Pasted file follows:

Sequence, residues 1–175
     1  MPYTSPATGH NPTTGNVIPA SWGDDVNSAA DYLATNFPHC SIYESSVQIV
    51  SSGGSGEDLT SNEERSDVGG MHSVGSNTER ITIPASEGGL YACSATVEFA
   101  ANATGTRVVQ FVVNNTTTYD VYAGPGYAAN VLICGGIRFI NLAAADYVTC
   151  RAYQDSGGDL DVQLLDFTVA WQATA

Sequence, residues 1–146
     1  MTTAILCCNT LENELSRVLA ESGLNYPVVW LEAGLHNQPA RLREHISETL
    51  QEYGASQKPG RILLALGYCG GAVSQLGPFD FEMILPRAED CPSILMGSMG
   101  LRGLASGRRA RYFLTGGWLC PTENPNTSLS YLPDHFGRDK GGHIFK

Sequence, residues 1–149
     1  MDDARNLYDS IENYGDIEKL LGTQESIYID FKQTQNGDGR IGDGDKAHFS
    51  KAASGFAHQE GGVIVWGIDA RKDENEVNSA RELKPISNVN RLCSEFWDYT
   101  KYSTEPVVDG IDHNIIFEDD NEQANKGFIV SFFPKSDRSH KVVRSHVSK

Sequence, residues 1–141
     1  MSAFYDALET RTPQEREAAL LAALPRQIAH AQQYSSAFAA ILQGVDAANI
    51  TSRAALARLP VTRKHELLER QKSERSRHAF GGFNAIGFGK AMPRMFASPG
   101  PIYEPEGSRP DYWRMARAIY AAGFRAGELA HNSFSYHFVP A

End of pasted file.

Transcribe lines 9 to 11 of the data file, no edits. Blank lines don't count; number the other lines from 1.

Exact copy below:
   101  LRGLASGRRA RYFLTGGWLC PTENPNTSLS YLPDHFGRDK GGHIFK

Sequence, residues 1–149
     1  MDDARNLYDS IENYGDIEKL LGTQESIYID FKQTQNGDGR IGDGDKAHFS